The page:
Miguel Cervantes Is No Stranger to Twists of Fate

The actor had just begun performing as Broadway’s new Hamilton when the coronavirus hit.

Miguel Cervantes
Maplewood’s Miguel Cervantes in the title role of Hamilton. He starred in the Chicago cast before coming to Broadway. Photo courtesy of Joan Marcus

Sometimes, it must seem like the world is taunting Miguel Cervantes.

After years of auditions and smaller roles, Cervantes was pretty sure he had reached the end of the line as an actor by 2016. The Maplewood resident was teaching children’s classes in the Music for Aardvarks program and had started a business aimed at teaching baseball to kids. He joked with friends that he was moving on from acting, “unless Lin-Manuel Miranda calls and offers me the role of Hamilton.”

Miranda was not the one who called, but Cervantes did get in the door for a series of Hamilton auditions and was pleasantly surprised to receive callbacks. He ultimately landed a place in the cast. After performing a few shows on Broadway, Cervantes moved with his wife and two young children to Chicago, where he assumed the title role in that city’s cast of Hamilton for the entire three-year run. When that production shut down this past January, Cervantes learned he would be taking the title spot in the Broadway cast. Alas, after a handful of performances, all of Broadway went dark due to the coronavirus emergency.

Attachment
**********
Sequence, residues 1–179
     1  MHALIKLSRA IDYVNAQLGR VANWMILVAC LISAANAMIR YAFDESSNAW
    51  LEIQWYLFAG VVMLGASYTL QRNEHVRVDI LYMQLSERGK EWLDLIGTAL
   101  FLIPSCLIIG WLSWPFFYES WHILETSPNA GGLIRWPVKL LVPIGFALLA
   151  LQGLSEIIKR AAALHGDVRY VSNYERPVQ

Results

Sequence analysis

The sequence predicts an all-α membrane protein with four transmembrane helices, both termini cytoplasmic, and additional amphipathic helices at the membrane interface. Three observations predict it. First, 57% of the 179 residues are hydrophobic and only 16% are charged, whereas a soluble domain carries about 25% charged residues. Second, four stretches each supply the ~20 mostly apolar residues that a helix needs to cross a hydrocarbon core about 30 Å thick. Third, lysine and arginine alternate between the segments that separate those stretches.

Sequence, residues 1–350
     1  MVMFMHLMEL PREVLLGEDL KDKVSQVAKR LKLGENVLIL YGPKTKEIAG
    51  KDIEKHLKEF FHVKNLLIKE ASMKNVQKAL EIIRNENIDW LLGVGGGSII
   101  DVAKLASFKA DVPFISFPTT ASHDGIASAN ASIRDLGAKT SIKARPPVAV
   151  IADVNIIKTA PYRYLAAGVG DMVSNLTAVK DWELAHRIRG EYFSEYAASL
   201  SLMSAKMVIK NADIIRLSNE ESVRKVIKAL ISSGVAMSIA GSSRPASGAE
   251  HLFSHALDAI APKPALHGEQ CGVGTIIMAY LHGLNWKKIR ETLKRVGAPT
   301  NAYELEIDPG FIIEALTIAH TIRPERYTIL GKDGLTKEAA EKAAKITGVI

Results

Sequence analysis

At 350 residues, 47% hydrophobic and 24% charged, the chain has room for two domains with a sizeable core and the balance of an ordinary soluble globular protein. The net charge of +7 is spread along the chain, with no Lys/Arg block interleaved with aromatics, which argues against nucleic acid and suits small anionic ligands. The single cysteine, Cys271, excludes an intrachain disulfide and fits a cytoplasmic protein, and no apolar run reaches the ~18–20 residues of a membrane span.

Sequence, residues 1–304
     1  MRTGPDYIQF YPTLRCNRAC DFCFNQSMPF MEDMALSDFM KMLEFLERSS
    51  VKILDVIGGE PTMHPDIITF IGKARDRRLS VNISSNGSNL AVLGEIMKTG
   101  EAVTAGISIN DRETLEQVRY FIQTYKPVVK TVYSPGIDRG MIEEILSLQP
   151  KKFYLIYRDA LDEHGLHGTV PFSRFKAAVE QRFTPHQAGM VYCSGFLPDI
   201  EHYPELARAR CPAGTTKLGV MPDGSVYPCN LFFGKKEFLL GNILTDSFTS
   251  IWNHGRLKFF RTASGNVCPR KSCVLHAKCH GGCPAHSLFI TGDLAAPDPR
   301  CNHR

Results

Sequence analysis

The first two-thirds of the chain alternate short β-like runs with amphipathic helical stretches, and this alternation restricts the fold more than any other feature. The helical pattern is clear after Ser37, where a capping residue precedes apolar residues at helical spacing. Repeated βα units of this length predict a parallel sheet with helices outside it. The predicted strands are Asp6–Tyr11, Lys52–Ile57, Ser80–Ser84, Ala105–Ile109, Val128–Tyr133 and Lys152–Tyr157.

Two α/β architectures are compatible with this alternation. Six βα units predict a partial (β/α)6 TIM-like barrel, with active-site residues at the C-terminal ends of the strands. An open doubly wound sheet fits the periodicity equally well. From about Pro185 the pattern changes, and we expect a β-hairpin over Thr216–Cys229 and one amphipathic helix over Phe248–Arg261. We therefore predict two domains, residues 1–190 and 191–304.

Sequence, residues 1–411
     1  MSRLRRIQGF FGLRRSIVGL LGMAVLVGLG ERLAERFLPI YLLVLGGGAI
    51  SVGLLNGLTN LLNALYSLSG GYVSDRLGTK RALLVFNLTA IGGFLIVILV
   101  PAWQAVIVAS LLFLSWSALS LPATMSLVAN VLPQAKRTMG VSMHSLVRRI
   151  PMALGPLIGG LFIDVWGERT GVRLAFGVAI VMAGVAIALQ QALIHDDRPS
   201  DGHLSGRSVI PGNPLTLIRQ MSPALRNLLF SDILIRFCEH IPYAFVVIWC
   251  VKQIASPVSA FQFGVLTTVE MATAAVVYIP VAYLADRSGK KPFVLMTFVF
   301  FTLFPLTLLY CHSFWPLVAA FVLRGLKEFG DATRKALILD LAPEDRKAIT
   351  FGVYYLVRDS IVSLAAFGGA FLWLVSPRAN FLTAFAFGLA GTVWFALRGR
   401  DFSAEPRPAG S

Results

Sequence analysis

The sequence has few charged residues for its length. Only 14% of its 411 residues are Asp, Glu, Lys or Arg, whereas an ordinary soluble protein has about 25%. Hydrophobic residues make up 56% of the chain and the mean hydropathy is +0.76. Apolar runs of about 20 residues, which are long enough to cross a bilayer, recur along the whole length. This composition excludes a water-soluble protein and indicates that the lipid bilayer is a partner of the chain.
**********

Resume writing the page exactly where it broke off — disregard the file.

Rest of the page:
[RELATED: Meet the Jersey-Bred Actor Starring in Broadway’s ‘Mrs. Doubtfire’]

It wasn’t the first time that tough luck had struck the Texas native. Tragically, his daughter, Adelaide, passed away in October 2019 after a battle with epilepsy that had been diagnosed when she was just 7 months old—soon after the family moved to Chicago. Adelaide’s struggle became a touchstone during their time there, and cast members and the entire community enveloped the Cervantes family in loving support.

“My line is, ‘I hope people think I’m a good Hamilton; I hope people think I did a good job,’” says Cervantes. “But through Hamilton, if people think of us as the people who fought for epilepsy, and they can remember my daughter as the warrior and think about what her life meant, that’s better.”

Read more Arts & Entertainment articles.

By submitting comments you grant permission for all or part of those comments to appear in the print edition of New Jersey Monthly.

Required not shown
Required not shown